By Justin Sink and Jeremy Herb - 05/02/13 10:08 PM EDT
President Obama said Thursday that the United States was "looking at all options" in Syria, hours after Defense Secretary Chuck Hagel said the administration was reconsidering its opposition to arming rebels in the country.
"As we've seen evidence of further bloodshed, potential use of chemical weapons ... what I've said is we're going to look at all options," Obama said at a press conference in Mexico City.
"We want to make sure we look before we leap and that what we do is actually helpful to the situation," Obama said.
At a press conference at the Pentagon, Hagel said no decisions have been made, but confirmed reports that the administration is considering taking the new step of arming Syrian rebels in the wake of the possible use of chemical weapons by the Assad regime.
“You look and rethink all options. It doesn’t mean you do, or you will,” Hagel said.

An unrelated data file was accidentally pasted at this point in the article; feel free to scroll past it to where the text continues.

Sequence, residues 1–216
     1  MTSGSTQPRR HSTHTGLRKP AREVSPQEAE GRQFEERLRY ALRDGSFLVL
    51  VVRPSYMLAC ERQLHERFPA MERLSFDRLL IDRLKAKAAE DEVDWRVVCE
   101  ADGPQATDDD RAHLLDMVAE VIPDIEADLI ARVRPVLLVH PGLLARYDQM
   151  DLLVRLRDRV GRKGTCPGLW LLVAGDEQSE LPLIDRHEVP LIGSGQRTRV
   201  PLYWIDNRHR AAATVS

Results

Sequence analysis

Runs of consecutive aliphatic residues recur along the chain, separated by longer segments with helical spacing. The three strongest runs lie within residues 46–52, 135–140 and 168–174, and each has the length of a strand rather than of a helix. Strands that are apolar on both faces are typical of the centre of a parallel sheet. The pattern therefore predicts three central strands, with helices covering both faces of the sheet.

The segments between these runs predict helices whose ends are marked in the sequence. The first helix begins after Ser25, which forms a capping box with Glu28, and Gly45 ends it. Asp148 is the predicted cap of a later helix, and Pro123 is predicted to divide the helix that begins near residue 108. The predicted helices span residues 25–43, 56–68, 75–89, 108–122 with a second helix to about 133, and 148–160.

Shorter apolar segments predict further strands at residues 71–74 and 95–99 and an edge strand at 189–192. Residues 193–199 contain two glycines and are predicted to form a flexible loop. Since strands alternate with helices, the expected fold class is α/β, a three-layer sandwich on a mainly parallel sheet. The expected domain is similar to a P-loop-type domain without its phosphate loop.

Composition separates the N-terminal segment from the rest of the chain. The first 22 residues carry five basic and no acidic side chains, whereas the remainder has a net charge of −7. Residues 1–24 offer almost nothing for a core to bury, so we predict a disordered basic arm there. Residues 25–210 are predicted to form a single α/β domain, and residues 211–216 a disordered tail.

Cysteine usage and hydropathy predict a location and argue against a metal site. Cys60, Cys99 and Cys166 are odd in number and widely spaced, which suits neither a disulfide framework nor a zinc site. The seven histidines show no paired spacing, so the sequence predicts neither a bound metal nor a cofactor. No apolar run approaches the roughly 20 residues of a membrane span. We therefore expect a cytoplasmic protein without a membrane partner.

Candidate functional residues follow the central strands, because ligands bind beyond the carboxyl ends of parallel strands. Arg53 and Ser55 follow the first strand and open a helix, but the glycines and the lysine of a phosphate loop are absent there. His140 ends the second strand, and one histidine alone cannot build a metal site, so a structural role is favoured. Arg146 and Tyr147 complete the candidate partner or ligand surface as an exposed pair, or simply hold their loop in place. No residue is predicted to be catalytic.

Obama said at a press conference Tuesday that confirmation Assad’s regime has crossed his “red line” would prompt him to consider a “range of options” that have not yet been used. The president reiterated Thursday that the investigation to confirm the use of chemical weapons was ongoing.
Hagel emphasized Thursday that the situation is not a static one, and would not say whether he personally supported providing arms to the rebels.
“I’m in favor of exploring options and seeing what is the best option,” Hagel said.
Last year, Obama rejected a proposal to provide arms to vetted Syrian rebel groups that was backed by former Secretary of State Hillary Clinton, former CIA Director David Petraeus and former Defense Secretary Leon Panetta.
There is concern about providing arms to rebel groups because the opposition is splintered and contains groups affiliated with al Qaeda.
The White House’s disclosure last week that it has intelligence assessments that Assad’s forces used chemical weapons sparked new calls for arming rebel groups and establishing a no-fly zone.
The administration is proceeding with caution toward military steps, however, citing the problems with intelligence in the lead-up to the 2003 Iraq war.